"Dipstick, they sang, & loose nut. Lost bolt & stripped thread./Glass gut & meat mallet,
broke-dick & shitbiscuits." But these poems are more than pieces on drinking, fighting(sometimes),
stealing copper wires and raising a ruckus inside the Junaluska Motel.
Here's a little beauty from the title poem of the collection
Discovering a woman's body,
my fingertips traced inked flowers
& birds on her back, studied her legs
that curled with the ease of smoke.
I learned the clear skin on her arms,
her red mouth open in sleep,
twists of black hair on her pillow,
I was nineteen.
Sure, the characters in WINTER SKIN can be rough around the edges, but they're "decent,"
interesting companions who in the end only mean well. In difficult times, you're glad they're
in this light as long as I can,
as it starts
the slow drying of split open wood,
of weight from the ground.
If Robert Lee Kendrick keeps writing poems like this, he may one day find one or two hanging
in the Louvre.
CONSULTING WITH THE SWIFTS, NEW AND SLECTED POEMS 1982-2016 by Lee Slonimsky,
(New York City: Spuyten Duyvil, 2016)
Reviewed by Pui Ying Wong
In his recent book of poems,
"CONSULTING WITH THE SWIFTS, NEW AND SELECTED POEMS 1982-2016,"
Lee Slonimsky puts together poems that span across three decades.
These are poems about nature, trees and lights but also atoms and electrons,
city workers and Pythagoras, the great mathematician who inspires many of these poems.
Slonimsky writes superbly in form, many sonnets, yet is not stifled by it.
The poems all feel immediate, warm and inviting. I particularly like how he engages the
reader on both the intellectual and emotional levels, sometimes playfully.
Here is the poem "The Way to Exorcise Demons" from an early collection "Ghost Along the Hudson:"
the only way
to exorcise demons
is to let them leave the body in sleep.
I ate a steak
that still had the soul of a steer inside
trapped and howling,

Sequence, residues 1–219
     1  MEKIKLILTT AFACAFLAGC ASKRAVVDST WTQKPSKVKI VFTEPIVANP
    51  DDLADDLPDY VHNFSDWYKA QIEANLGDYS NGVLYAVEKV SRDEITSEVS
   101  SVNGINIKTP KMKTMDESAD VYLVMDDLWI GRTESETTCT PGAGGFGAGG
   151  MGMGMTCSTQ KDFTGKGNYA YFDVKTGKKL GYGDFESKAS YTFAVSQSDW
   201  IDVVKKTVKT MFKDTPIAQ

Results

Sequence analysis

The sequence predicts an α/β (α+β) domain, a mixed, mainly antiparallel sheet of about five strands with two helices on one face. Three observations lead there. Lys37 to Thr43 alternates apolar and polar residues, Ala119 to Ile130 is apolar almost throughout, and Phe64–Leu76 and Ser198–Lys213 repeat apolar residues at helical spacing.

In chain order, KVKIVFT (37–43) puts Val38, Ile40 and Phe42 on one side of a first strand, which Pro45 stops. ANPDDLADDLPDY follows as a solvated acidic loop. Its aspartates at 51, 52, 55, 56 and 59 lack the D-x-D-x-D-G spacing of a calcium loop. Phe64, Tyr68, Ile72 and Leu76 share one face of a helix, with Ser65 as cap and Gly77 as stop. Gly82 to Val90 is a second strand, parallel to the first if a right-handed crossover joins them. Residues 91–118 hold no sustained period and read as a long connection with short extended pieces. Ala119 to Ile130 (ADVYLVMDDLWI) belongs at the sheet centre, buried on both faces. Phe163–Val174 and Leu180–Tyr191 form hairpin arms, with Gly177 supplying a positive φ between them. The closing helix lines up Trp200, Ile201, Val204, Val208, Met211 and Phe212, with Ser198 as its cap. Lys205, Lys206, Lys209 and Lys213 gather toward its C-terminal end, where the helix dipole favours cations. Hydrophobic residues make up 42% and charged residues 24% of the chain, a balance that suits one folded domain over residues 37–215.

frightened and lost.
He never stopped screaming a second
once caught inside me.
I had to sleep for several days
until that steer disappeared,
and even now I can feel his hooves
pounding inside my legs.
Sometimes when I wash my hands
I have to clean him off."
How the poem tantalizes in its psychological tension, man, beast and spirit are joined in the act of eating a
steak! The relationship between man and nature plays out in many of these poems. Consider an excerpt from the
recent collection "Consulting with the Swift," the poem "The Buried Birthplace of all Whales:"
"Walk, then swim:
you could become a species too!
if only you had countless years
to shrink your limbs, to grow a fin
But you've got just this afternoon
to gaze and think. Revere. And stare
at lofty peaks' magnificence
that many here see as divine;
and what you'll cherish is the sense
that here's a place beyond all time."
His reverence for fellow species are not so much political but in recognizing that in nature we are all bound together.
To the poet nature is not only a backdrop, it is filled with dramas closely linked to the human. Slonimsky
writes about nature with deep feeling as only a nature lover could. In the poem "The Craft of Wind" from
the collection "Wandering Electron" he begins:
"I have a name, a face, a date of birth,
but all I really have is molecules,
the craft of wind and atoms: art of earth."
And ends with:
"Someday I'll rearrange
my atoms into fish or bird, a change
of course, but not entirely my ruin."
Slonimsky suggests in his way of seeing that nature is our spiritual guide. It consoles and renews our spirit,
it understands life's challenges and shows us possibilities. With passionate meditation and great imagination,
the poet also gives us Pythagoras who always inspires. He is like the poet's confidant and by extension,
ours as well. In some critical moments Pythagoras speaks with clarity and empathy. If man is boiled down
to molecules and electron he nevertheless is free. And roaming around he may hear a voice like this:
My moment came: I dashed. I whirred as free
as any hawk who coasts on gust of wind;
Pythagoras then whispered this to me,
as I soared in the flesh and glee of sun:
"You've dared the new, a different kind of flight.